Reducing High Blood Cholesterol
Did you know that coronary heart disease is the number-one killer of women in the United States? A major risk factor for this illness is a high blood cholesterol level. Studies of people age 20 and over show that women have higher levels than men from age 55 and beyond. By lowering your blood cholesterol level, you can reduce your chances of developing this life-threatening problem.
Your body needs cholesterol to make cell membranes, certain hormones, and other tissues. Cholesterol uses special carriers known as lipoproteins to move through your bloodstream; low density lipoprotein (LDL) transports most of it. In abundant amounts in your bloodstream, however, LDL cholesterol contributes to the formation of plaque, which can build up on the walls of your arteries and block the flow of blood to your heart. This condition, called atherosclerosis, can lead to a heart attack.
High density lipoprotein (HDL), on the other hand, is thought to carry cholesterol away from your arteries and thereby prevent plaque buildup. As a result, HDL cholesterol is often referred to as the “good” cholesterol, while LDL cholesterol is referred to as the “bad” cholesterol.
Improve your diet
Your liver produces all the cholesterol your body needs, so avoid consuming too much cholesterol in your diet. Dietary cholesterol comes from the animal foods you eat, such as meat, fish, dairy products, and poultry. Saturated fat also makes your blood cholesterol level rise. Foods from plants, such as grains, fruits, and vegetables, don’t contain cholesterol and are high in starch and fiber. Furthermore, studies suggest that incorporating more whole grain and soy protein into your diet can actually help reduce your total blood cholesterol and LDL cholesterol levels.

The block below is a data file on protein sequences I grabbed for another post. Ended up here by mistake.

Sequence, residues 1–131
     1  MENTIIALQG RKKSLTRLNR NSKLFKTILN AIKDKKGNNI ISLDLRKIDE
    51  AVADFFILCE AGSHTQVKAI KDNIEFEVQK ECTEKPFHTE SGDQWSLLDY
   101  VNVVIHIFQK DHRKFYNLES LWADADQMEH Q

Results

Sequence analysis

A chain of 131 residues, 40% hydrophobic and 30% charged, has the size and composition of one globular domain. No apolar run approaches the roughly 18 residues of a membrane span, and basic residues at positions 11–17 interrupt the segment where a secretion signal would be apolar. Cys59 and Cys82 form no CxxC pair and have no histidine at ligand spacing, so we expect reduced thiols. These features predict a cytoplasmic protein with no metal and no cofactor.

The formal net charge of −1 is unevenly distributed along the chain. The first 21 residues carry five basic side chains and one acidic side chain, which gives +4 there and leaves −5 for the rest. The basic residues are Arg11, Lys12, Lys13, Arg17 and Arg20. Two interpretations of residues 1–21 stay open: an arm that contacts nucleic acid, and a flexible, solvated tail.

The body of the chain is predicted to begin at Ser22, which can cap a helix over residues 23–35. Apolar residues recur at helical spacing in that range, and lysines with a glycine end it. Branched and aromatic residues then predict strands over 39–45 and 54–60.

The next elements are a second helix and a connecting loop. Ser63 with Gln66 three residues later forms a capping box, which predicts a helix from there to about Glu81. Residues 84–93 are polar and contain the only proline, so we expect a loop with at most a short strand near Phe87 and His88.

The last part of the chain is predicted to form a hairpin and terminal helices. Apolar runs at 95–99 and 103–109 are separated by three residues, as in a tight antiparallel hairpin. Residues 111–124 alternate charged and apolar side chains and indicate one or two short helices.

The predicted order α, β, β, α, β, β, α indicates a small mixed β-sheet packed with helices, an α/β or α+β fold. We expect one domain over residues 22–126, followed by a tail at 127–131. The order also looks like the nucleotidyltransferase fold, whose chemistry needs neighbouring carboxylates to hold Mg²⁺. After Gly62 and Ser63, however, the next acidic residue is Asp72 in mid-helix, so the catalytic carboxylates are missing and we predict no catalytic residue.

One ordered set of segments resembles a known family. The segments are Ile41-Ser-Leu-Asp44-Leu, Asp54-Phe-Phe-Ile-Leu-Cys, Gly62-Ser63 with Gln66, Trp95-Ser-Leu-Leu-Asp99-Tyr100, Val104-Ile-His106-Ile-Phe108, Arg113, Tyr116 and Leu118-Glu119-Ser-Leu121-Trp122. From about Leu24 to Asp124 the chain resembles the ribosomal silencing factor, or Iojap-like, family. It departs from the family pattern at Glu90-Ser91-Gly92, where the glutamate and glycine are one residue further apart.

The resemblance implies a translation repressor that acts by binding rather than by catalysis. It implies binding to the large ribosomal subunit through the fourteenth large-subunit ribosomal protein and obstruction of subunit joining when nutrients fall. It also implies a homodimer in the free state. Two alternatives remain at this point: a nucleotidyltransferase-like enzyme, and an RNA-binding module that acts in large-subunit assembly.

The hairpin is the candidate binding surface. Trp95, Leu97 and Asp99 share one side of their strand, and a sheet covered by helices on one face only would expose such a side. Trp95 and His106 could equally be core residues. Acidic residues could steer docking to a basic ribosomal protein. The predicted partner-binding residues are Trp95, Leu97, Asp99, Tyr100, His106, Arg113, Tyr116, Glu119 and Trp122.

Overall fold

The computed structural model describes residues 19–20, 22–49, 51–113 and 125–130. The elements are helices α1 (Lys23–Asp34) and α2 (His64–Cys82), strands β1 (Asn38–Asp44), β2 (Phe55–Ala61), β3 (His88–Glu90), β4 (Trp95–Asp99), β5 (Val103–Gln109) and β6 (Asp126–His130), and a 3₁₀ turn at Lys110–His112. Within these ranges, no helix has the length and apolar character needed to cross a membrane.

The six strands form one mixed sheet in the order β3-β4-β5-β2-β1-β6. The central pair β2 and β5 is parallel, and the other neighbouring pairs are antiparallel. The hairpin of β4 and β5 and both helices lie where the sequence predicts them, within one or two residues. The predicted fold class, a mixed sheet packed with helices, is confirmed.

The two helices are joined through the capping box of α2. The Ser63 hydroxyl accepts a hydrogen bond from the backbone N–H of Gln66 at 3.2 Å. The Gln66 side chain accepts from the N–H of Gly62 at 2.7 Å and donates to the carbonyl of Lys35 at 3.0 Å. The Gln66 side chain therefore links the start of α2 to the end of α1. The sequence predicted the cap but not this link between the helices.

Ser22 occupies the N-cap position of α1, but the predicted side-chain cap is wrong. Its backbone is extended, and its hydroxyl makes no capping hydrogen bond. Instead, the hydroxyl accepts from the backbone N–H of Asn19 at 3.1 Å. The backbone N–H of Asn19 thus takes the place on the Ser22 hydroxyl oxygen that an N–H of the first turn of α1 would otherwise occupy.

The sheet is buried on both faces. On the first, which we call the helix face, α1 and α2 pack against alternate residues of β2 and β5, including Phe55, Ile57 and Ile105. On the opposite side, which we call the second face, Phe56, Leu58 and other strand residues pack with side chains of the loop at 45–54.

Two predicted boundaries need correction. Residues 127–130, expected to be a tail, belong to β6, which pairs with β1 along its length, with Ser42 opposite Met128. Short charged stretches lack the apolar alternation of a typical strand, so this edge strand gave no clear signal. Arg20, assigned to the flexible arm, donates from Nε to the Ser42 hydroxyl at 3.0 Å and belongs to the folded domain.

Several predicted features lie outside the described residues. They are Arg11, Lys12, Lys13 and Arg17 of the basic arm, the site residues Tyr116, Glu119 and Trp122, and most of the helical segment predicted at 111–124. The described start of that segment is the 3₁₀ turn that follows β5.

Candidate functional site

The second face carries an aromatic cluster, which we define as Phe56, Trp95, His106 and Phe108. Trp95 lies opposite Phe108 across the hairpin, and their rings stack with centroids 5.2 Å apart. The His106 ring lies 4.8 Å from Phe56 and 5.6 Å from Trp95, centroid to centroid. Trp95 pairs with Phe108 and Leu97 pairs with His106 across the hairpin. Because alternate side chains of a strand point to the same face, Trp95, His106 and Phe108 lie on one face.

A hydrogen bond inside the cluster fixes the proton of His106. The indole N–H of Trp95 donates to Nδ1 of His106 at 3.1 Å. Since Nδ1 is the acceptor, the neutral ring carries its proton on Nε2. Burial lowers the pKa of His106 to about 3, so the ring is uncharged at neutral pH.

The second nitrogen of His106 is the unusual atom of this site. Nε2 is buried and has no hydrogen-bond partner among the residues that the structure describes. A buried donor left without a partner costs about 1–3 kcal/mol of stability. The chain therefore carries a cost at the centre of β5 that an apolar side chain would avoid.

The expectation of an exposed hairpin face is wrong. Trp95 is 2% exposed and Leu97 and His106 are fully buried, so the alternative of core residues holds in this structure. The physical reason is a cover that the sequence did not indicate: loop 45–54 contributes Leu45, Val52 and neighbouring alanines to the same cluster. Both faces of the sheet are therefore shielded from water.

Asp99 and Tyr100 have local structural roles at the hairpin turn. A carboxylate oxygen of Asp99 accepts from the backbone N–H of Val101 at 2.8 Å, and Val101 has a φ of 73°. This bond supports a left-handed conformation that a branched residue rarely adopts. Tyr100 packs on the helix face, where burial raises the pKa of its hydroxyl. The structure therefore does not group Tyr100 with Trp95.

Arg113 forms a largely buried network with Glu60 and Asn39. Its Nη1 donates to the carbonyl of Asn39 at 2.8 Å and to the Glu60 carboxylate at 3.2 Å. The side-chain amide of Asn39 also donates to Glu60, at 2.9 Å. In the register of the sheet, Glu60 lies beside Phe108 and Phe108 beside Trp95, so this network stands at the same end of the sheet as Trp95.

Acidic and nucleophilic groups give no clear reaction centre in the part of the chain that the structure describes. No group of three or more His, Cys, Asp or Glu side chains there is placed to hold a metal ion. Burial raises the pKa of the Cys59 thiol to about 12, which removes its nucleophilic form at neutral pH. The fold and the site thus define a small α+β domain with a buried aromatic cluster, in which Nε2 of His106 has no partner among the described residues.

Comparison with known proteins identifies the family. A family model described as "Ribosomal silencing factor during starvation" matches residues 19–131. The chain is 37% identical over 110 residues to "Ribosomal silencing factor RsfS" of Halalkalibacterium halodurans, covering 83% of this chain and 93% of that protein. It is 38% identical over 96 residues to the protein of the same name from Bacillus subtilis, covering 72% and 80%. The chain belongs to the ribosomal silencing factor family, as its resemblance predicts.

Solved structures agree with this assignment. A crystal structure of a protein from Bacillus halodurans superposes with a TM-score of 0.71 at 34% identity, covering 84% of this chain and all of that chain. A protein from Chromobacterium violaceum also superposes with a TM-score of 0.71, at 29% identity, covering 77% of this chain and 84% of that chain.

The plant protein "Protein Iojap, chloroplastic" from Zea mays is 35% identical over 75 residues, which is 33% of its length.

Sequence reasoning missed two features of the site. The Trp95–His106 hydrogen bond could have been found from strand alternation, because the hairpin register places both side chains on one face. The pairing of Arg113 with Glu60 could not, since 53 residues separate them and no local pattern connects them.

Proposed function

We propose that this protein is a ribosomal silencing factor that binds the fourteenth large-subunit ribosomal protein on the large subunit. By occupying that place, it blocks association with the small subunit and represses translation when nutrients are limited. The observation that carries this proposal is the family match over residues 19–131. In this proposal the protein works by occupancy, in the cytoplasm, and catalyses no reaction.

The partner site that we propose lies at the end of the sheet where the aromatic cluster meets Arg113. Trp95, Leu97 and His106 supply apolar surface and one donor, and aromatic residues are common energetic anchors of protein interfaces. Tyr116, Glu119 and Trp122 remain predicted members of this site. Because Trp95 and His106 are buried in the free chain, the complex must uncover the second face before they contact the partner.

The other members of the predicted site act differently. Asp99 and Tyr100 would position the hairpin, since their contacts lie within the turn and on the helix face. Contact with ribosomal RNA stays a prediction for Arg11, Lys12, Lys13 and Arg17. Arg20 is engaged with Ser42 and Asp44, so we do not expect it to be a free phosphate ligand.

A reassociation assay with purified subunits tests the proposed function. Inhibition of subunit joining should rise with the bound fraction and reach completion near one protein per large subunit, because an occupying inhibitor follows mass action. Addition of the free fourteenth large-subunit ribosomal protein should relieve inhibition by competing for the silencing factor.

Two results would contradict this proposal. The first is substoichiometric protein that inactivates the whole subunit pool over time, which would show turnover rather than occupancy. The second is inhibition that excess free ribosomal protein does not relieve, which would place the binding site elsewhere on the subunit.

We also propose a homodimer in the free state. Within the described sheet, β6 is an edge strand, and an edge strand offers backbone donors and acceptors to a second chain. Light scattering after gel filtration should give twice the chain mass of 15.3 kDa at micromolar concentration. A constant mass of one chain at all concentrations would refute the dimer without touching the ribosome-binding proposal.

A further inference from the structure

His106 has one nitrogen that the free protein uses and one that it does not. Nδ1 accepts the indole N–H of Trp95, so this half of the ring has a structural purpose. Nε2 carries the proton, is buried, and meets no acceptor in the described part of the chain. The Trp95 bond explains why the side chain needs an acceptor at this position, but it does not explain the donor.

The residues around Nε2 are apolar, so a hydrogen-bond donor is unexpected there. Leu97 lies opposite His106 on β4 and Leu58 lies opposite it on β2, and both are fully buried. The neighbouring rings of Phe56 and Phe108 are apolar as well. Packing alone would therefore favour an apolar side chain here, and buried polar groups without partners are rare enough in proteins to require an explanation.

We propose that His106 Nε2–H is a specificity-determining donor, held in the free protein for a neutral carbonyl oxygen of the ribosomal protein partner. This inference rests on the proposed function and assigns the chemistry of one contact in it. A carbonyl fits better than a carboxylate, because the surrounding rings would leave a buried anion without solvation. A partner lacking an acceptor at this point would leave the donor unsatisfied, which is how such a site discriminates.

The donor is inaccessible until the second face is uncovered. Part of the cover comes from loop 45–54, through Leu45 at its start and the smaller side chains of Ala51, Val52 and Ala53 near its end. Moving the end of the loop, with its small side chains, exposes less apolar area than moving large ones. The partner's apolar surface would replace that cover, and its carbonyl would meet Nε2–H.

Stay physically active
Exercise can increase your HDL cholesterol and decrease your LDL cholesterol. In addition, it helps you lose weight, lower your blood pressure, and relieve stress. You don’t have to join a gym; an activity such as walking, when done on a routine basis, can help.
Being overweight is associated with higher blood cholesterol levels. Even losing five or 10 pounds can raise your HDL cholesterol and lower your LDL cholesterol. Modifying your lifestyle by eating better and exercising is the best approach; crash diets can be harmful.
Smoking is a major risk factor in heart disease. Furthermore, it lowers your level of HDL cholesterol.
Know your blood cholesterol level
Your doctor can measure your blood cholesterol level for you. Experts recommend that men age 35 and over and women age 45 and over have their total blood cholesterol level checked every five years. Before menopause, women have lower levels than men of the same age. After menopause, the LDL cholesterol in women increases. Knowing what your total blood cholesterol level is can assist you in setting goals for improving or maintaining it. Under certain circumstances, your doctor may prescribe drugs to help lower your cholesterol level.